Asthma is the most common chronic childhood disease, affecting 9 million children in the United States. This disease is increasing in prevalence, incidence, and severity, particularly in developed countries. Asthma is a strongly familial condition, with estimates of heritability ranging from 36 – 79%. Although genetic factors unquestionably play a role in the development of asthma and atopy, the environmental factors to which children are exposed in utero and postnatally are also of considerable importance. The overall hypothesis of our work is that epigenetic mechanisms play a fundamental role in the etiology of asthma by modulating transcriptional activity of critical genes that affect immune maturation through alterations in DNA methylation and chromatin modification status, and this then leads to the development of asthma.
Methylation of CpG islands within regulatory regions of DNA is an important epigenetic mechanism controlling transcriptional activity, with the level of CpG methylation within specific genetic regions being heritable. It has been demonstrated that the concentration of methyl donors in the diet of pregnant agouti mice has transgenerational effects on coat color of the progeny due to altered expression of the agouti gene, a result of methylation of the agouti promoter. Emerging research indicates that epigenetic mechanisms affect the expression of transcription factors that control the lineage of Th1, Th2, and Treg cells.
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One of the approaches we are taking in our laboratory is to study the role in utero diet and environmental exposures play in the development of allergic airway disease in mice, to study how DNA methylation is altered by these exposures in specific immune cell types and, and how these changes consequently lead to the development of allergic airway disease. Our recently published findings indicated that in mice, a maternal diet supplemented with methyl-donors enhanced the severity of allergic airway disease that was inherited trans-generationally. Using methylation-specific digital karyotyping (MSDK), we discovered 82 gene-associated loci that were differentially methylated after in utero supplementation with a methyl-rich diet rich. This study provided the first in vivo evidence that in utero diet can impact CpG methylation and trans-generational inheritance of allergic airway disease.
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We are currently pursuing other in utero diets and exposures (folate concentrations, environmental tobacco smoke etc) and alternative, more comprehensive genome-wide approaches to study DNA methylation. We are studying the role of epigenetic marks in the maturation of specific immune cell populations that have been shown to play a role in human asthma.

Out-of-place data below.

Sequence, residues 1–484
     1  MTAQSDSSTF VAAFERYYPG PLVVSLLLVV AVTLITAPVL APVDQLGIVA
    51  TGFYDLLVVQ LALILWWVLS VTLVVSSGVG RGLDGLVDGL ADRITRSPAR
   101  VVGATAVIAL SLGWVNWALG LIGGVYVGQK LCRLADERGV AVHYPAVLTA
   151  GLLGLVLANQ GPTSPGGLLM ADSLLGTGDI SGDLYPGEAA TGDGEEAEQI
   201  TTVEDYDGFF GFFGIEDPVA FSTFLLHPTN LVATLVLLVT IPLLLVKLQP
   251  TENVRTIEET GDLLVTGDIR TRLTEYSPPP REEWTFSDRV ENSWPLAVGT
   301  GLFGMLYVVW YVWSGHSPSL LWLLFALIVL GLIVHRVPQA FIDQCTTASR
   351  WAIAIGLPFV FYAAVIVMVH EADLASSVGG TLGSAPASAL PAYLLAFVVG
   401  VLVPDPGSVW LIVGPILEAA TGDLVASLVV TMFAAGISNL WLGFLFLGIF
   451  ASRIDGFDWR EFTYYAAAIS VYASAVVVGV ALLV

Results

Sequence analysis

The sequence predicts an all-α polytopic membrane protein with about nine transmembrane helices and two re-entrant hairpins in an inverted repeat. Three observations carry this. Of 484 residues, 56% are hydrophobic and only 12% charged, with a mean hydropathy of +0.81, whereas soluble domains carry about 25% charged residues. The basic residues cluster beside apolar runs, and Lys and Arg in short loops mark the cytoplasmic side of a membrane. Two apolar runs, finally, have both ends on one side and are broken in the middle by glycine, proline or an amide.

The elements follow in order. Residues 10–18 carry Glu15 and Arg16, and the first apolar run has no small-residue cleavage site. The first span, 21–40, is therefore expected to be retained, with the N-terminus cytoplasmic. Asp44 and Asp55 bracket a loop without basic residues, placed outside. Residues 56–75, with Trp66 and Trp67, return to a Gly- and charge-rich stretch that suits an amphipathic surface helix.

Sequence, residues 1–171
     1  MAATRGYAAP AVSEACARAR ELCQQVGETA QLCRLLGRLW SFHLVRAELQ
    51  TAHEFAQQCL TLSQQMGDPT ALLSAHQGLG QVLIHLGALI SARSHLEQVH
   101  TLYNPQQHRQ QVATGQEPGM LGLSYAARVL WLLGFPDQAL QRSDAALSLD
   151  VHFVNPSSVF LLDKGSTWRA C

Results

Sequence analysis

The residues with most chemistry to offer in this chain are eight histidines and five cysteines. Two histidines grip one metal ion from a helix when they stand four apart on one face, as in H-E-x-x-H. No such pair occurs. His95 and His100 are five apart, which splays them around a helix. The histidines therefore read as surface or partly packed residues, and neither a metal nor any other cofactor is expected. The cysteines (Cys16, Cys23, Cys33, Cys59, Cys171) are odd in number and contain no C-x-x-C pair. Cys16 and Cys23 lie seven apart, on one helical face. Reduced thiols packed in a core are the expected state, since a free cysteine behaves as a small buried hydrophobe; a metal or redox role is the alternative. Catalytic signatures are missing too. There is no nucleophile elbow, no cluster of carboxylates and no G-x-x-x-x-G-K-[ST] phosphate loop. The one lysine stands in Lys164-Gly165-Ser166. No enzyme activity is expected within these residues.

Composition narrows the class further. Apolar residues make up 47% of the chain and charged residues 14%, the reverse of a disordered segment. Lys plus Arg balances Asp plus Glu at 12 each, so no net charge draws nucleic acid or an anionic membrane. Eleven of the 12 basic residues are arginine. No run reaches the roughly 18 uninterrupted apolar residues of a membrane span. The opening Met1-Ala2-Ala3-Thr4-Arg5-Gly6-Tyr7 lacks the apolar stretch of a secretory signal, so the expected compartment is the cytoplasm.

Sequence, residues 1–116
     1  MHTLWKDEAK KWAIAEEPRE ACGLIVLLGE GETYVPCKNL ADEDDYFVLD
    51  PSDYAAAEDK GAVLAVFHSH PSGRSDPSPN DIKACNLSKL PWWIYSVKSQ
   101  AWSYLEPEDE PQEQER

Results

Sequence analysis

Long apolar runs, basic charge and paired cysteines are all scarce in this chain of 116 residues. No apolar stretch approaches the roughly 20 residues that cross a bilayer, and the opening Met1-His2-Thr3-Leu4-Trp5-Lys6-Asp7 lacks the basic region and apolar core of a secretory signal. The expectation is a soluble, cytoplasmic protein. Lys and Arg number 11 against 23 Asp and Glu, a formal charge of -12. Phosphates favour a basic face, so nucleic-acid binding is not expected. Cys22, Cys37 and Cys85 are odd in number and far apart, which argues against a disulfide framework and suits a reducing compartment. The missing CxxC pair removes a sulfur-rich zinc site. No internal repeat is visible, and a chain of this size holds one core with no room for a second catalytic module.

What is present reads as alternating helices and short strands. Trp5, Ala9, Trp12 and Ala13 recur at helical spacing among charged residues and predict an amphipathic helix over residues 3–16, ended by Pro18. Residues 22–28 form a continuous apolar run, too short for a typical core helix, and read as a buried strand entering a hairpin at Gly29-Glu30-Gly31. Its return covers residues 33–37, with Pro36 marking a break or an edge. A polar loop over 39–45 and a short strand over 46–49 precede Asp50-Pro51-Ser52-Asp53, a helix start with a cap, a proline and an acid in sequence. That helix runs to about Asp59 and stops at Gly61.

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In addition to the murine studies, we are examining DNA methylation patterns in children with asthma. We are conducting a number of studies to elucidate the role of DNA methylation in cohorts of children with asthma who are exposed to different environmental factors (rural farming exposure, inner city exposures etc). In addition to the influence of exposures, we plan on examining genetic factors, namely DNA sequence changes, that influence epigenetic marks.
Asthma Epigenetics Publications
1. Yang IV, Tomfohr J, Singh J, Foss CM, Marshall HE, Que LG, McElvania-Tekippe E, Florence S, Sundy JS, Schwartz DA. Gene Expression in the Lung is Influenced by Disease State in Allergic Asthma. Am J Respir Crit Care Med. 2012 Jan 12. [Epub ahead of print]
2. Yang IV and Schwartz DA. Epigenetic Control of Gene Expression in the Lung. Am J Resp Crit Care Med. 2011;183:1295-301. PMID: 21720866
3. Schwartz DA. Epigenetics and environmental lung disease. Proc Am Thorac Soc. 2010 May;7(2):123-5. Review.
4. Boon K, Tomfohr JK, Bailey NW, Garantziotis S, Li Z, Brass DM, Maruoka S, Hollingsworth JW, Schwartz DA. Evaluating genome-wide DNA methylation changes in mice by Methylation Specific Digital Karyotyping. BMC Genomics 2008; 9:598.
5. Hollingsworth JW, Maruoka S, Boon K, Brass DM, Tomfohr J, Garantziotis S, Li Z, Bailey N, Potts E, Schwartz DA. In utero supplementation with methyl-donors enhances allergic airway disease in mice. J Clin Invest 2008; 118:3462-3469.